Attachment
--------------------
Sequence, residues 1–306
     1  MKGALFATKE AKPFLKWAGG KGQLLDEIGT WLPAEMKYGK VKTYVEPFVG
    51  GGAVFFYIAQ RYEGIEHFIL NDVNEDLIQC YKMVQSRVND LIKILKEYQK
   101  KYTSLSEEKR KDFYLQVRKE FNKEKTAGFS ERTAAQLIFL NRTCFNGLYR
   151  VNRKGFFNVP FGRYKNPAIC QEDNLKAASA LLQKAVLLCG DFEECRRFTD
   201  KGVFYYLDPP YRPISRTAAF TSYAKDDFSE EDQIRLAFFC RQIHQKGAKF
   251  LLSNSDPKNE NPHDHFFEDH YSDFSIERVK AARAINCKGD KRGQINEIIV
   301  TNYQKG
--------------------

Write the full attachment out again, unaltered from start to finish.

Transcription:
Sequence, residues 1–306
     1  MKGALFATKE AKPFLKWAGG KGQLLDEIGT WLPAEMKYGK VKTYVEPFVG
    51  GGAVFFYIAQ RYEGIEHFIL NDVNEDLIQC YKMVQSRVND LIKILKEYQK
   101  KYTSLSEEKR KDFYLQVRKE FNKEKTAGFS ERTAAQLIFL NRTCFNGLYR
   151  VNRKGFFNVP FGRYKNPAIC QEDNLKAASA LLQKAVLLCG DFEECRRFTD
   201  KGVFYYLDPP YRPISRTAAF TSYAKDDFSE EDQIRLAFFC RQIHQKGAKF
   251  LLSNSDPKNE NPHDHFFEDH YSDFSIERVK AARAINCKGD KRGQINEIIV
   301  TNYQKG